GTA house prices could rise 16% in 2017

By Staff | February 1, 2017 | Last updated on February 1, 2017
2 min read

In case you need more evidence of just how hot the Toronto real estate market is, the Toronto Real Estate Board (TREB) has released its annual market outlook report.

The average selling price for a home in the Greater Toronto Area (GTA) is expected to increase 10% to 16% in 2017, reveals the report, with an average price between $800,000 and $850,000. Prices for low-rise homes — detached and semi-detached houses and townhouses — will see the greatest increases.

For those who can still afford to buy, there’s another problem: supply can’t meet demand.

Read: New homes inventory in GTA at ‘crisis levels’

“While changes to federal mortgage lending guidelines and higher borrowing costs may impact some would-be home buyers, the big impediment will be the lack of inventory,” says Jason Mercer, TREB’s director of market analysis, in a release. “Active listings at the end of December were at their lowest point since before the year 2000. […] This will put a ceiling on sales growth.”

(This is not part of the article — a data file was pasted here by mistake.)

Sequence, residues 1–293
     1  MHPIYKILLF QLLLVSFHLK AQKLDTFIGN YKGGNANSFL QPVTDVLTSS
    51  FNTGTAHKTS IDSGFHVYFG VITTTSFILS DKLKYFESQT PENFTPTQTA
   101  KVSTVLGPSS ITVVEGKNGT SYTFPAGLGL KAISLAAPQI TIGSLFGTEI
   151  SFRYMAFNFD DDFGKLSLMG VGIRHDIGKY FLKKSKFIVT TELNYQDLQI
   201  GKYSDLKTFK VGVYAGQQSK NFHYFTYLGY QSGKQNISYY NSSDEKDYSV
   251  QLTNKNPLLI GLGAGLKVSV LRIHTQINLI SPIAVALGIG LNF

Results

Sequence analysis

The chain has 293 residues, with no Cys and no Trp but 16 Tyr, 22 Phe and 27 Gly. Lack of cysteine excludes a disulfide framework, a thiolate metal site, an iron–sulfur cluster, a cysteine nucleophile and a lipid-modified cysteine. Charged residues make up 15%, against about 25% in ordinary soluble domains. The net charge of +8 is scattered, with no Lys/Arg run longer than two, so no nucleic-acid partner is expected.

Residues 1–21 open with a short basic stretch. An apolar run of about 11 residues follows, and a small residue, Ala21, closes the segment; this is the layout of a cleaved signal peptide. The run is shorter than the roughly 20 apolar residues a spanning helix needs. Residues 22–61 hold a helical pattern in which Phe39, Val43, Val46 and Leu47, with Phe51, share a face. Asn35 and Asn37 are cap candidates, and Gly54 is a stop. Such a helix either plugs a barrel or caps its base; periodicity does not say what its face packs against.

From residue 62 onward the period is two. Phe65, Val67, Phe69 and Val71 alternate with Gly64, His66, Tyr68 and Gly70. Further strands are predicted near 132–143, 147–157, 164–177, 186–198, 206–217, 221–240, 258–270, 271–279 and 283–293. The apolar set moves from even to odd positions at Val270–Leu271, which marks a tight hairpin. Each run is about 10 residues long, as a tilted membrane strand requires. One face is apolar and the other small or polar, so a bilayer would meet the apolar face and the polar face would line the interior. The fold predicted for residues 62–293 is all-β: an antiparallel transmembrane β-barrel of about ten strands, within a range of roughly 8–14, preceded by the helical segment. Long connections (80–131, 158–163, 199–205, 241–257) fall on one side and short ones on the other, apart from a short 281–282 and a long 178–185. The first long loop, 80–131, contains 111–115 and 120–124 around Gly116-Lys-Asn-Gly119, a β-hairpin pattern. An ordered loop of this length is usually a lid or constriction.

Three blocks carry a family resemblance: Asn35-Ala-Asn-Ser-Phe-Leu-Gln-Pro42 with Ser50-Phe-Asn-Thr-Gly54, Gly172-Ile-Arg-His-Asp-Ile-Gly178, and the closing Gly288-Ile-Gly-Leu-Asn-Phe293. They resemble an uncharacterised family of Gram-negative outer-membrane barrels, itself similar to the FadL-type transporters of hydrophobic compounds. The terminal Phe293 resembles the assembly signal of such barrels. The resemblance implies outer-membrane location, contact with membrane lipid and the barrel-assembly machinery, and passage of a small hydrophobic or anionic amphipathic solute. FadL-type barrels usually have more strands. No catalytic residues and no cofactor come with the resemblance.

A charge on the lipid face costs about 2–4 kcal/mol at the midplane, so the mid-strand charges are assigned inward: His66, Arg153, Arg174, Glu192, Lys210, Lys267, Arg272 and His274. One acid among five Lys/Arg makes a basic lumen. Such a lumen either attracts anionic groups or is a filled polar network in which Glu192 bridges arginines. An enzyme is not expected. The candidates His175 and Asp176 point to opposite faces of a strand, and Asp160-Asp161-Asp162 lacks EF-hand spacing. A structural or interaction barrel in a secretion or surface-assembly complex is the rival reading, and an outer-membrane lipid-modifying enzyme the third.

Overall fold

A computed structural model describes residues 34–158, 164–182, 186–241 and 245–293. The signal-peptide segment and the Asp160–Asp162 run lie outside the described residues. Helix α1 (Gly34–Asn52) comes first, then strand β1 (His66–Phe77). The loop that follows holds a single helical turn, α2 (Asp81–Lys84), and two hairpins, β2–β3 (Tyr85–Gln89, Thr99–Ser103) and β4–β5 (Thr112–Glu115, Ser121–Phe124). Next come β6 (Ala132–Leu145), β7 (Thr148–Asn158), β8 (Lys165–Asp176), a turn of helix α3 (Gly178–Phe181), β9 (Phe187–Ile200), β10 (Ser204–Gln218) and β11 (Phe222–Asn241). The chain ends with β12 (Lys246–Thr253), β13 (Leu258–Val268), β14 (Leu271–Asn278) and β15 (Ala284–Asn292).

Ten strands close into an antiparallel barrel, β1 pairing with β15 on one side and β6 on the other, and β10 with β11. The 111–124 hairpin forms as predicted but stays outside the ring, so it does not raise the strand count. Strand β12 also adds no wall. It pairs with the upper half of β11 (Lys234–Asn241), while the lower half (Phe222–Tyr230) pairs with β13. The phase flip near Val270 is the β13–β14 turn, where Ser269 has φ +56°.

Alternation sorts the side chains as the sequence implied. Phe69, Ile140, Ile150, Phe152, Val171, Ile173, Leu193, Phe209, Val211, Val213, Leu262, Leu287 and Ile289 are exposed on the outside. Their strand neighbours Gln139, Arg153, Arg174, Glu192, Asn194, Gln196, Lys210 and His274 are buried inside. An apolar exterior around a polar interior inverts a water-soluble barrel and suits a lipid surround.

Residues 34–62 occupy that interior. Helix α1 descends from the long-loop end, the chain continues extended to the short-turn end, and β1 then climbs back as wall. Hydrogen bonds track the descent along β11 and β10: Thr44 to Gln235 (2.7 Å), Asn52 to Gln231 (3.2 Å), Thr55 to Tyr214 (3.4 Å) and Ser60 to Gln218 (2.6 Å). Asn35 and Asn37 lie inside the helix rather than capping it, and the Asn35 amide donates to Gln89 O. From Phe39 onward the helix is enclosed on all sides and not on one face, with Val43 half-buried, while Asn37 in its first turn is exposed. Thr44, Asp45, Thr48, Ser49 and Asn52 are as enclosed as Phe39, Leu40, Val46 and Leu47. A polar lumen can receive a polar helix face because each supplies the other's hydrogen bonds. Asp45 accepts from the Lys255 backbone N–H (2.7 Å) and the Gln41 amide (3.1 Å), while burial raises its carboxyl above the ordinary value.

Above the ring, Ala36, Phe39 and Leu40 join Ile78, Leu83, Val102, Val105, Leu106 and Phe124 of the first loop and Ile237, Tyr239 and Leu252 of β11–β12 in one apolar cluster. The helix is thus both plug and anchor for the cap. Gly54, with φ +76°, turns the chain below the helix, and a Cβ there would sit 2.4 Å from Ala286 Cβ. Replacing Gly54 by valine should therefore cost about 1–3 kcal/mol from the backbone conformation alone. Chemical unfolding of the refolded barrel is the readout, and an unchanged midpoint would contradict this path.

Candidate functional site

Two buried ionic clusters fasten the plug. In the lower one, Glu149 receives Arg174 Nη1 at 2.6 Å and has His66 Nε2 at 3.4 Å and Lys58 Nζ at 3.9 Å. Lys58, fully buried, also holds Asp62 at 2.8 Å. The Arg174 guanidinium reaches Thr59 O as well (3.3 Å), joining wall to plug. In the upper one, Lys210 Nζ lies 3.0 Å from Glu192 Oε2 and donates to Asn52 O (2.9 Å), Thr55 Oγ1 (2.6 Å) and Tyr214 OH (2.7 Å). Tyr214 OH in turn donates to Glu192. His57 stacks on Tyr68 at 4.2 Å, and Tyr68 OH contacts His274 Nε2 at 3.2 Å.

While prices go through the roof.

Read: Beware rising housing prices: CMHC

Still, buyers are up for the financial challenge, with the average GTA homebuyer making a down payment of almost 28% (almost 26% for buyers in Toronto proper, and almost 24% for first-time buyers), reveals a November 2016 survey by Ipsos, cited in the report.

One challenge, however, is the potential for increased borrowing costs if rates rise this year. Further, under new mortgage rules, the majority of borrowers will be subject to a stress test, under which they must qualify at the posted chartered bank rate. That could take some buyers out of the market.

Read: CMHC hiking mortgage loan insurance premiums for homebuyers

Housing affordability is indeed a growing concern.

“Home prices will increase well above the rate of inflation and income growth in 2017,” says TREB CEO John DiMichele, in the release. “While governments have been focusing their policy solutions on allaying demand, what is needed are policies that focus on the lack of available homes […]. The public, private and not-for-profit sectors need to come together to focus on innovative solutions to the housing supply issue.”

Read the full report here. staff


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